Fallen Heroes Makes Family of Us All

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Fallen Heroes Makes Family of Us All

I have always known that we are family in the vague sort of way that you can know something is true without really focusing on it or seeing it all the time. There is something about seeing law officers, their spouses, service members in the armed forces, the “civilian” employees of departments, firefighters, dispatchers, corrections officers, EMS personnel and security officers, joining together to honor the life of one of their own, that brings this commonality home to the heart in a way that’s hard to put into words.

Reflected on faces streaked with tears or those set firmly, iron-jawed with stoic determination not to cry, I could literally see the dedication that each man and woman in attendance gives to the emergency services family. There is a kindred spirit that we all share, a unity of thought and purpose that pulls us together when one of our own has given his or her all in the performance of solemn and sacred duty. We don’t all serve in the same role, but we all serve the same righteous cause. Officer Jacobs had the heart of a servant and warrior, as evidenced by his service to Greenville, South Carolina and to our nation as a Soldier. I didn’t know him personally and yet I knew him just the same, because I know the values that drove and defined him. Allen Jacobs was by all accounts the epitome of what we call here in the south “good people”, a label that is a lot harder to earn than it's simplicity implies, especially among fellow cops. Each person in attendance no doubt took something away from his memorial service that makes us just a little bit more grateful, a little bit more resolute, and more than a little bit stronger for having reflected on his life and shared our sorrow over his untimely death.

We can trust that this family will be there when the worst happens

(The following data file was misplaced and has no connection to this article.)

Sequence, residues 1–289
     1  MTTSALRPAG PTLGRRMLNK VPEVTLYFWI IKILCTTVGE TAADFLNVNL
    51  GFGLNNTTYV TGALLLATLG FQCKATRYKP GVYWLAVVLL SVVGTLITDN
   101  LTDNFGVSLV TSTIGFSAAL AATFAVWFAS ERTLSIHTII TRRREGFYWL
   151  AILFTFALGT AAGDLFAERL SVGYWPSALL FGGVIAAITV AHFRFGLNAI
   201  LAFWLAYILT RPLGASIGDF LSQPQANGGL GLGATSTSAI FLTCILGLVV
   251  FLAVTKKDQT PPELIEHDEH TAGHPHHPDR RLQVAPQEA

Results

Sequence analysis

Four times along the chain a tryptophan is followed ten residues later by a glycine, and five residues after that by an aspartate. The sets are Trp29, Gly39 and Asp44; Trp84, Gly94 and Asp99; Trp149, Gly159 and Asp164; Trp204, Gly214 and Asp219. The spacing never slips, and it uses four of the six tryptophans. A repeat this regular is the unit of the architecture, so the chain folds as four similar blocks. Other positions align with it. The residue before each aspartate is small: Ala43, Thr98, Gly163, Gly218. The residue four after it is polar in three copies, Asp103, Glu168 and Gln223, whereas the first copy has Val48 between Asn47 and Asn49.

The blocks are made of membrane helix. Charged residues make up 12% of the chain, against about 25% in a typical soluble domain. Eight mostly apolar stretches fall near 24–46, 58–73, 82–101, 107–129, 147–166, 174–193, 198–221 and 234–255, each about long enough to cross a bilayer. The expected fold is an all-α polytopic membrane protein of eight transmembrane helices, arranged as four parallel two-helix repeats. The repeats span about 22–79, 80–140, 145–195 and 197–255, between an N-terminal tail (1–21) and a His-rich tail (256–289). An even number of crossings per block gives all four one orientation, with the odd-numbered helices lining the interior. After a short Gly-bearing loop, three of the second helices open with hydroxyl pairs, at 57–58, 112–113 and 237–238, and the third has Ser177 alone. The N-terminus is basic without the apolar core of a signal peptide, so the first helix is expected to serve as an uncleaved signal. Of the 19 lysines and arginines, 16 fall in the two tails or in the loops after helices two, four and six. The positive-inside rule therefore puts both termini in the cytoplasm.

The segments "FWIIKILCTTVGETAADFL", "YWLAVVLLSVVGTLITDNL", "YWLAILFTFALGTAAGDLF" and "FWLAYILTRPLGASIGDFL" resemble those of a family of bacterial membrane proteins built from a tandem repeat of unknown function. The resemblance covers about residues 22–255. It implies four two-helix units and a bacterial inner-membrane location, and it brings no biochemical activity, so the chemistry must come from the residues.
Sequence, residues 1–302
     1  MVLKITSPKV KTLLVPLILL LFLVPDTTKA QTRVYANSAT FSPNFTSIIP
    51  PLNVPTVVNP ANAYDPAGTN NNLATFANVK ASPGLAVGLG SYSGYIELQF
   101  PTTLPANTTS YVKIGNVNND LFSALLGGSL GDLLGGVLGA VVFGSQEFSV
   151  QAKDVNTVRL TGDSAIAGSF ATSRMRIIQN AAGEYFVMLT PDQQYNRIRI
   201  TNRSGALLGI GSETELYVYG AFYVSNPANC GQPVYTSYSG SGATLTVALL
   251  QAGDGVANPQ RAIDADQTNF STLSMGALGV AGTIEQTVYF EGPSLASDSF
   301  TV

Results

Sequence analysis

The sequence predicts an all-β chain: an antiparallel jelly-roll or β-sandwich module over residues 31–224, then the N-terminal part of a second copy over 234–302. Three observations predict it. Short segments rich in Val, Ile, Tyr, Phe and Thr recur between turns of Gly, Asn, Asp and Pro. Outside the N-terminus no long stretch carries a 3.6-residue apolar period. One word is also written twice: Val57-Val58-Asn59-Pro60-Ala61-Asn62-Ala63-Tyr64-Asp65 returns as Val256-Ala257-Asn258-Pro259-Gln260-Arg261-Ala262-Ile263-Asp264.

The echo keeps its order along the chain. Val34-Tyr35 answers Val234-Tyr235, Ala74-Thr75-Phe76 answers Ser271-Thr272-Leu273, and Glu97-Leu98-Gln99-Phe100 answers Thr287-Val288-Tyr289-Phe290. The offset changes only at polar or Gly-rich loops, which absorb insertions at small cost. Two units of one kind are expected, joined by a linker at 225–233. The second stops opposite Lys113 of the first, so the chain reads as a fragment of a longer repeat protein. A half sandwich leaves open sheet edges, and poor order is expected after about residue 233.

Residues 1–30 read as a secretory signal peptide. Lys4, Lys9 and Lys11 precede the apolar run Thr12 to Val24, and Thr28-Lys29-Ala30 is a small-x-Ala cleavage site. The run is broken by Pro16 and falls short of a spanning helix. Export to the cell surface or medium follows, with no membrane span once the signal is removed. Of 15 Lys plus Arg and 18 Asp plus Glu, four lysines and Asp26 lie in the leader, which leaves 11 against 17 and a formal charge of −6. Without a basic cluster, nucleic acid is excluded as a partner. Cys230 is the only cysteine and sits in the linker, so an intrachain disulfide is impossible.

From the amount of money donated to Officer Jacobs's family (although it can never be enough) to the tributes left on his patrol car turned shrine, the amount of caring for his family and coworkers has been nothing short of staggering. It is comforting to see how well the community steps up to take care of one of it's protectors when the unthinkable happens. Numerous businesses donated services and goods, and countless displayed signs of support for their fallen hero. Hotels gave deep discounts to those who came to town for the funeral. There were so many cars from different law enforcement agencies across the region (and beyond) that even after the graveside service was over, the procession was still underway to the cemetery. Every law enforcement officer should take comfort from displays like this. I think I speak for many a cop when I say that my biggest fear in this line of work is not what will happen to me, it's what happens to my family if I should be killed. Officer Jacobs no doubt knew full well what the risks of being a cop are, just as much as he knew the risk of being a soldier deploying to Iraq. He did both anyway, because his character wouldn't allow one iota less than a heart-wide-open kind of devotion to his family, community and nation. It is only fitting that we would return this devotion and stand ready to help his family in his absence. In the weeks and months ahead, we should remember his family often. Holidays, anniversary dates and birthdays will come, as they always seem to, quicker than we think. His family will still be struggling with immense grief and loss during those times. Pray for them and, if you feel feel led, give materially to a cause that will support them in whatever way you can.